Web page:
Tuesday, June 18, 2024

In quarantine? Here are 6 museums you can visit without leaving home

Even before authorities issued decrees on the weekend ordering many public facilities to close, Mexico’s museums began postponing events and shutting down facilities in response to Covid-19. As of Monday, all museums in Mexico City were closed until at least April 20.

Although many of Mexico’s cultural institutions have not quite caught up to the 21st century, there are some online resources available, almost all of which are provided by museums related to Mexico’s National Institute of Anthropology and History (INAH).

Granted, seeing a photograph of a painting or a pyramid pales in comparison to having it in front of you. But it’s still good to know you can see some of what you’re missing while you sit at home in coronavirus quarantine.

INAH has a portal site that enables online views of select rooms from 56 of its 162 facilities. Many of these are from its flagship National Museum of Anthropology in Mexico City, but there are others from regional museums and archaeological sites in various parts of the country. Some sites require Adobe Flash to be enabled.

Some of the virtual tours are impressive and worth viewing with or without a national emergency.

National Anthropology Museum

The most important cultural museum in the country, this is Mexico’s answer to the Smithsonian or the British Museum. To visit all of its 22 exhibition halls requires at least two days. The virtual tours focus on the most popular rooms, in particular its pre-Hispanic and regional ethnographic collections.

Palace of Fine Arts (Palacio de Bellas Artes)

This is not a museum per se, but Mexico’s premier cultural center. It is a main attraction for the city because of its French-inspired architecture and murals by Diego Rivera, Rufino Tamayo and others.

Cancún Maya Museum

This is one of INAH’s newest museums, opened in 2012, with avant-garde design inspired by Mayan building columns from the 8th to 16th centuries. The lobby holds modern artworks, while the interior contains artifacts from various parts of Quintana Roo as well as the sites of Chichén Itzá (Yucatán) and Palenque (Chiapas).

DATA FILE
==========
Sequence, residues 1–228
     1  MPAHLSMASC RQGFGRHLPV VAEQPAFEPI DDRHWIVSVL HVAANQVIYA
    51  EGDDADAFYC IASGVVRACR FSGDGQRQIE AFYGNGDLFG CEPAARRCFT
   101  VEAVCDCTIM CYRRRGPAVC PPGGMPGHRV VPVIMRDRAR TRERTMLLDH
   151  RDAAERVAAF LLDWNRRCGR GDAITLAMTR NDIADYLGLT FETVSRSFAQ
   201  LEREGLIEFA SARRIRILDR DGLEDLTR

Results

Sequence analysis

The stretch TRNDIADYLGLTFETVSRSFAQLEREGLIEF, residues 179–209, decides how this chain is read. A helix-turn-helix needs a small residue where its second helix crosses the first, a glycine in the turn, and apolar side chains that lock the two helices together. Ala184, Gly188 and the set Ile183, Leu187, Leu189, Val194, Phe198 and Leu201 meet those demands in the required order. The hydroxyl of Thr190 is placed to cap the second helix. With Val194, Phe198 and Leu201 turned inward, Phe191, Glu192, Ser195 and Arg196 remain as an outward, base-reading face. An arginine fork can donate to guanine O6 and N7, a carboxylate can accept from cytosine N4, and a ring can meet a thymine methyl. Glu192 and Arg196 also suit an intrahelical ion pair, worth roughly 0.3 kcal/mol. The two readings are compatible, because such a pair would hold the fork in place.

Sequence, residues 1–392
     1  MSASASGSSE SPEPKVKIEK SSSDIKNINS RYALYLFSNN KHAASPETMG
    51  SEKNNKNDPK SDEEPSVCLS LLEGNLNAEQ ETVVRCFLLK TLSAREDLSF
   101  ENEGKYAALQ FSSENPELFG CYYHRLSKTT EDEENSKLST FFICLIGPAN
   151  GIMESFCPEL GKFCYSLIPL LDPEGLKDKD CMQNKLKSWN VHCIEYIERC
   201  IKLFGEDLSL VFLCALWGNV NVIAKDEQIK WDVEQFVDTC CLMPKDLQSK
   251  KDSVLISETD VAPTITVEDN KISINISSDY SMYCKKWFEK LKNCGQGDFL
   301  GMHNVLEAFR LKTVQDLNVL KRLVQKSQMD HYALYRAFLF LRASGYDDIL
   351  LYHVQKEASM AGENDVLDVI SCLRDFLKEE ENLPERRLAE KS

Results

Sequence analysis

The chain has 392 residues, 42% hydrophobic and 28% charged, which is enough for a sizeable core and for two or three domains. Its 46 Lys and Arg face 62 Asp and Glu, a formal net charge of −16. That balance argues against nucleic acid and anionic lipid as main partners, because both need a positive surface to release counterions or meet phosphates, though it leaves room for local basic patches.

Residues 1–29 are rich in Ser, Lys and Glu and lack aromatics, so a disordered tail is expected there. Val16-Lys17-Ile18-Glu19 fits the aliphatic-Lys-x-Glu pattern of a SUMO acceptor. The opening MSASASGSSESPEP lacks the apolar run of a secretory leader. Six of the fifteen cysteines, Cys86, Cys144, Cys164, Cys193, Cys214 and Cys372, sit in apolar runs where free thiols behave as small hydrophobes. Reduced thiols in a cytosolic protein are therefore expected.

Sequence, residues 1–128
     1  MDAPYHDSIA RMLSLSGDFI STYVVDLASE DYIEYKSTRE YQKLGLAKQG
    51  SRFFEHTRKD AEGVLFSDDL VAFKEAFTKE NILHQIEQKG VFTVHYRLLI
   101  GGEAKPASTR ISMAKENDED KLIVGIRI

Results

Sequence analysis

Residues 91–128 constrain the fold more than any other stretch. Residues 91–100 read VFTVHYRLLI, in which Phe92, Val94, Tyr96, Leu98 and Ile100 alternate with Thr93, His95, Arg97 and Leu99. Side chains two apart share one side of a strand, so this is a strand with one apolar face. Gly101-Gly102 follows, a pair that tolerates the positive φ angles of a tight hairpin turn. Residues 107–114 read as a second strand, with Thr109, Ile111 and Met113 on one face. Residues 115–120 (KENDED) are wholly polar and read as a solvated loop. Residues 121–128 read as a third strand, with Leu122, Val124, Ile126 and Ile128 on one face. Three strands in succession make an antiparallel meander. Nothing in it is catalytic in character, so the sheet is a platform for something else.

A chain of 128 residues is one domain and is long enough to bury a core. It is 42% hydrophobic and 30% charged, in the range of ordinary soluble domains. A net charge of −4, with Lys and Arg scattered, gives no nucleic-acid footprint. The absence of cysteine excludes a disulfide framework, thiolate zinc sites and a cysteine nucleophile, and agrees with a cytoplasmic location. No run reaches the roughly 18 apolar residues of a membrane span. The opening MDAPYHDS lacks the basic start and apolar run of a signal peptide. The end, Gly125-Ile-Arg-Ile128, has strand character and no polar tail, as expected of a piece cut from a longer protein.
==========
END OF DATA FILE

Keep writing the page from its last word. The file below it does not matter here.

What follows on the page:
Templo Mayor

This was the main temple of Tenochtitlán, the capital of the Aztec empire. It was thought for centuries to lie beneath the Mexico City cathedral until its accidental discovery in the 1970s. After much consideration, historic colonial-era buildings were demolished in order to excavate this center of pre-Hispanic religious life.

Museum of the Cultures of Oaxaca

This museum is located in the former Santo Domingo church and monastery of Oaxaca city. It is dedicated to the history of the state, with many original artifacts from the pre-Hispanic period up through the Mexican Revolution. It also has collections dedicated to documenting the various indigenous cultures that have a very strong influence on the state’s identity.

Cuauhnáhuac Regional Museum

This museum is located in Cuernavaca, using the original Náhuatl name of the city before it was Hispanicized. The building is better known as the Palacio de Cortés (Hernan Cortés’ Palace), after the conquistador who ordered its construction in the 16th century. It was the seat of his and his descendants’ rule as the Marquis of Oaxaca until the 17th century.

The museum is dedicated to the history and culture of the state of Morelos, especially its history as a major sugar cane producer in the late 19th century. One major attraction is a mural by Diego Rivera called History of Morelos, Conquest and Revolution, completed in 1930.

Sources: Travesías (sp), Chilango (sp)

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